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Teen who showed up to track tryouts in skinny jeans becomes first in family to attend college after receiving ‘well-deserved full ride’

If you had taken a look at Lamont Victoria on the first day of tryouts for his high school’s track team, you might have questioned if he was serious about trying out for the team.

“I had like Air Force ones, and some skinny jeans,” the now high school senior said. “So I didn’t really know I was really doing.”

But as the saying goes, don’t judge a book by its cover.

Lamont is now one of the top high jumpers not only in his state, but in the country. He also accepted a full ride to North Carolina Central University, which will make him the first in his family to attend college.

William Stevens, head coach of the Prince George track team, admitted he judged Lamont upon seeing his outfit during tryouts.

“Soon as I seen that outfit I said, oh I’m cutting him,” he told WTVR.

But after the freshman easily cleared a six foot jump with skinny jeans, he returned the following day with running shoes and a pair of sweatpants for the teen.

From that day forward, Coach Stevens and Lamont developed a unique bond, one that helped Lamont both on the track and off.

“Yeah, I definitely needed some structure because I was like, I was kind of wild,” Lamont said.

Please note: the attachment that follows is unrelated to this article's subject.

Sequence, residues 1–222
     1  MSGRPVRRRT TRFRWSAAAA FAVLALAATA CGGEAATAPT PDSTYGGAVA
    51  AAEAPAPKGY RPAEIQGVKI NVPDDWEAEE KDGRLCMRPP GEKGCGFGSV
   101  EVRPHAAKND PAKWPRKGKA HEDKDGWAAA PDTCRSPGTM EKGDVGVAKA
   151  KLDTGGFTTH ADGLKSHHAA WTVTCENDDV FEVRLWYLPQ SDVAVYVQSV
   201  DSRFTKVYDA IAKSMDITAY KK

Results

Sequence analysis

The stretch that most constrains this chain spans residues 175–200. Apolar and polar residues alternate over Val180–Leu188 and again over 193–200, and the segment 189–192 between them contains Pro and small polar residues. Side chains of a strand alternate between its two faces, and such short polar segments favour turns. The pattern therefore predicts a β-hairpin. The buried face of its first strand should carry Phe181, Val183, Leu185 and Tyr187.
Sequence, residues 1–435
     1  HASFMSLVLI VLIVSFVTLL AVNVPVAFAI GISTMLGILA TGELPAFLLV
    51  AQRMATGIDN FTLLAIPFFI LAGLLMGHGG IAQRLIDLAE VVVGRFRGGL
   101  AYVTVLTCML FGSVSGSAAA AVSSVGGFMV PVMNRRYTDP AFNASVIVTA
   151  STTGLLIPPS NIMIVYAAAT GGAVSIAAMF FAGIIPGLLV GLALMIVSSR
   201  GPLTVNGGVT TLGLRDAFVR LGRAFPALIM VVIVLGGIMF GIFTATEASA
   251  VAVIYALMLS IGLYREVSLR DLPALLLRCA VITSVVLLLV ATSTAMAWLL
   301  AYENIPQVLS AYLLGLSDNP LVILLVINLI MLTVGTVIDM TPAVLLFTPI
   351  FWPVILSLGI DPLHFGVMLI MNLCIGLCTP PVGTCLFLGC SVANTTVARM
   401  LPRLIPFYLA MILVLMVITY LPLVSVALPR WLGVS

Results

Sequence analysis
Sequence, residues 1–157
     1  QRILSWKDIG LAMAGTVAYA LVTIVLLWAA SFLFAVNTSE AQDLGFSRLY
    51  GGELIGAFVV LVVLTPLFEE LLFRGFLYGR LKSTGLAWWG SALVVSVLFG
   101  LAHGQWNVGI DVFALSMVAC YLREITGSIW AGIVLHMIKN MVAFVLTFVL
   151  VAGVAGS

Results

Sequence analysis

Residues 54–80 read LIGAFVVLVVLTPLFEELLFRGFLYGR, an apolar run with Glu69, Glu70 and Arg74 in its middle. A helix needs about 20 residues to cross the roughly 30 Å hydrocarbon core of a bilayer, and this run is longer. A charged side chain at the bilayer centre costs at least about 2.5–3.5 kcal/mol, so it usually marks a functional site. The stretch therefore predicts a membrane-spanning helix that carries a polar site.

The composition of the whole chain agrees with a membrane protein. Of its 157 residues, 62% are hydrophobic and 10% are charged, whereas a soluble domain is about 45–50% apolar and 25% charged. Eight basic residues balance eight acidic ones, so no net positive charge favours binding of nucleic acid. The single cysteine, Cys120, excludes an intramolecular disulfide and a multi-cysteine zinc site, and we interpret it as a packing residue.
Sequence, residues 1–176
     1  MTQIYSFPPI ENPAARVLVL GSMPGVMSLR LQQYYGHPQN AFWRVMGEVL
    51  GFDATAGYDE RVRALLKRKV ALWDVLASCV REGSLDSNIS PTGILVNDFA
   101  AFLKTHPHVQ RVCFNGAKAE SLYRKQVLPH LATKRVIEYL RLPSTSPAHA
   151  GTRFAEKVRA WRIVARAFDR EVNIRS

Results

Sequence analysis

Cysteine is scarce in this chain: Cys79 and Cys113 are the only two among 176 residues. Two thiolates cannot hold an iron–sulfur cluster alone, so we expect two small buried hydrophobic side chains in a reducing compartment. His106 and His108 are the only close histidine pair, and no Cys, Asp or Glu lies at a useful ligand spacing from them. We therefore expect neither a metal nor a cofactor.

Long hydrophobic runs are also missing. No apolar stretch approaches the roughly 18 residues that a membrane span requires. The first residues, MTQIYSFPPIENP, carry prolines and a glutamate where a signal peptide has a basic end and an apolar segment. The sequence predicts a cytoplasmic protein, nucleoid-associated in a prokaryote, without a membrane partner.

His mother died when he was seven, and his father had been in and out of jail over the years.

Lamont recalled a time his coach visited his house and the lights were off.

“I try to hide it, you know, but he saw it, you know, he helped me out with and I appreciate it.”

Coach Stevens made sure Lamont was taken care of.

“When I was dropping Lamont off, and we started going to track meets, and nobody showed up, nobody showed up for at least two years,” Coach Stevens said. “My wife was really on board with us bringing Lamont in… you know, as our own.”


By February 2020, Lamont was declared state champion in the high jump, and in December 2021 he claimed the title for both Indoor and Outdoor State Titles.

“Coach looked at me and said, ‘Lamont, if you can clear this, say it,’” Victoria recalled. “I said, ‘I can clear it.’ … He was like, ‘Do it.’ I didn’t even wait.”

He cleared a bar set at 6 feet, 10 inches, a rare feat for high school jumpers. That moment sent him to number 1 in the country as well.

But perhaps his biggest achievement is his recent acceptance to North Carolina Central University where he’ll get to be coached by a former Olympic jumper.

“Tears came out of that. Tears came out of that,” Lamont said.

“I’ve kind of teared up, too,” Coach Stevens said. “Because, it’s special. A lot of track kids don’t get full offers. You know, they might get partial, but to get a full ride and well-deserved full ride.”

Lamont’s full ride is also special because it will be the first time anyone in his family attended college.

“It’s really hard when you don’t have your parents here. It gets difficult, but I have a lot of support,” Lamont said. “… I’ve had people doubt me, say I wasn’t going to be who I am now. It feels good when you can show that you’re way more than just that person.”

One of his next goals includes competing for the United States in the Olympics, and while his high school coach supports his dream, he wants him to also consider the kind of person he’ll be.

“Be a good kid. I always tell kids you know, see yourself winning first. But you know, be a good kid.”